Since it’s Halloween month, I thought this week I’d tell a “real” scary story.
When I was eight years old my favorite show was Little Orphan Annie, it came on every Sunday afternoon, and filled our dull day with adventure and mystery. It was our reward if we sat still and behaved in church, I had to keep myself from running as church let out to make it home and changed so I could hear the booming voice of the announcer, as he invited us to listen in on Annie’s next adventure. I had just sat down and turned the radio on and heard the tubes crackle as they came to life, but just as I waited for the deep voice of the announcer, I heard our newscaster, “Be on the look out for a late model station wagon with Canada plates.” The newscaster continued, “Be on the look out for a tall man, height about 6 foot 2, dark hair, age about 35, last seen wearing a fur coat.” The announcer continued, “Do not approach this man, but contact the local authorizes, he is wanted in connection to a murder of a family of five outside Vancouver.” The crackle started again when the announcer came back on, “we now return to our regular scheduled program.” The booming voice of the announcer started. I looked at my sister with wide eyes, “do you think he’ll come here Clarabelle?” My older and wiser sister rolled her eyes, “of course not Len, there’s no reason, why would anyone come to Moore’s who’s on the run? Be quiet I want to listen.”
We sat back and listened to the show, but all I could think of was the station wagon, I looked out the window watching for anything unusual, but all I saw was snow flakes, snow and more snow. I wished that Daddy and Momma were there, they had gone to New York city for the weekend, and all we had to protect us from the killer was our five foot two Nanny, who was no older then sixteen and no stronger then my sister Claribell. I looked at the door and wished we had a big lock, then I gazed out of the front window and I saw him, the tall figure in the fur coat, he was walking up sidewalk across the street and there was the station wagon. It couldn’t be true I thought, I called to the Nanny and she looked out, she sensed as I did that this was a real threat, she picked up my small brother, and quietly called my sisters and I to follow her. Just as we crept into the dinning room we heard the knob of the front door turn and the wood crecked as it gave way to open. Our nanny gave a gesture to remain quiet as we backed into the kitchen, we could hear the loud steps of the tall man walk through the hall coming closer, we could hear him walk up the stairs, opening the doors and closing, walking back down and entering the dining room, with steps more silent then I thought possible we backed into the kitchen cupboard, we squished in, with not room to move, I heard the door open to the kitchen and my heart pounded, I was sure he’d hear it, pounding like drums.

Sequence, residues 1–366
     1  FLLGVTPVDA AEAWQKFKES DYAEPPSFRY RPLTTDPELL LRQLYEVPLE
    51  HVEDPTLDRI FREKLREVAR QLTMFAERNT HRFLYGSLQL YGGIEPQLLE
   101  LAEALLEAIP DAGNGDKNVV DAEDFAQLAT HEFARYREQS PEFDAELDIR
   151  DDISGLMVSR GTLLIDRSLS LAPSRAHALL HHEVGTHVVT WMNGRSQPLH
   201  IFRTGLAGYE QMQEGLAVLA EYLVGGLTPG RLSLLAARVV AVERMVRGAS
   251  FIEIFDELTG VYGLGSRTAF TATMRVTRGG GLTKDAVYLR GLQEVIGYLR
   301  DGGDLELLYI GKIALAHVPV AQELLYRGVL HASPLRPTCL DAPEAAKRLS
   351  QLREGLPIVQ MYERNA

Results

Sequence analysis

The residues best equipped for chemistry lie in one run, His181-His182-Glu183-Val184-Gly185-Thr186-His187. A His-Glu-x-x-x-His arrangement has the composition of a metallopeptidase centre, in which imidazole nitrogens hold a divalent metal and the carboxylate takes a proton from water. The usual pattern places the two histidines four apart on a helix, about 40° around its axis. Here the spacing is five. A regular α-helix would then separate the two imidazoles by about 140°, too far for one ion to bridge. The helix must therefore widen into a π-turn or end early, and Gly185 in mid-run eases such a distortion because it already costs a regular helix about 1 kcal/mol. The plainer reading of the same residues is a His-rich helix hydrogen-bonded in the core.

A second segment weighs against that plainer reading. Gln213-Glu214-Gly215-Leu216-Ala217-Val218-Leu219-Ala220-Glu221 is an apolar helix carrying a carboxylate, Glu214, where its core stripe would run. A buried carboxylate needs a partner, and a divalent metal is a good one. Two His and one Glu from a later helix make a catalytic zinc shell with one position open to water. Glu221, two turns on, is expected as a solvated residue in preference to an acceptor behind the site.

We each held our breath as we heard the steps pause at the door, but it wouldn’t give, we were so crammed in there was no room for it to open. The man gave one last tug and walked on, losing interest, we held our breath and waited as we listened, the steps grew fainter and at last we heard the front door close and the latch catch. Our Nanny squeezed us against the shelving as she pulled the door open. We all seemed to tumble out; we crept in and looked at the window, and saw the back of the man as he excited our gate.
We could smell he’s cherry pipe everywhere, a reminder that he had been real, with that Nanny asked Clarabelle to go next door and get the pastor, he’d call the authorities.
As Clarabelle leapt the fence to the parsonage and ran for the door, Nanny seemed to crumble to the kitchen chair, and sensing it was clear, Johnny let out a holler. Nanny patted him, trying to calm him, as I kept watch from the front window, peering just above the window ledge, crouched so if there was another passerby or our visitor returned he would not see me.
Minutes seem to stretch like hours, finally the pastor burst in, convinced that it was our imagination and sense of fear of not having Daddy at home that had created this crisis, then he smelt it, the cherry pipe tobacco, it seemed to linger in every crevice of the house.
We later heard on the radio that in deed the man had passed through Moore’s taking the back roads from Canada to the United States, he was caught that night and found guilty of killing the family of five, I wondered why he’d stopped at our house, but I always knew it was God’s protection that kept him from finding us, and of course my addiction to Orphan Annie that alerted us, but sadly after a real life mystery, it no longer held the thrill of life and death.
COPYRIGHT 2011 Stephanie Fitch – all rights reserved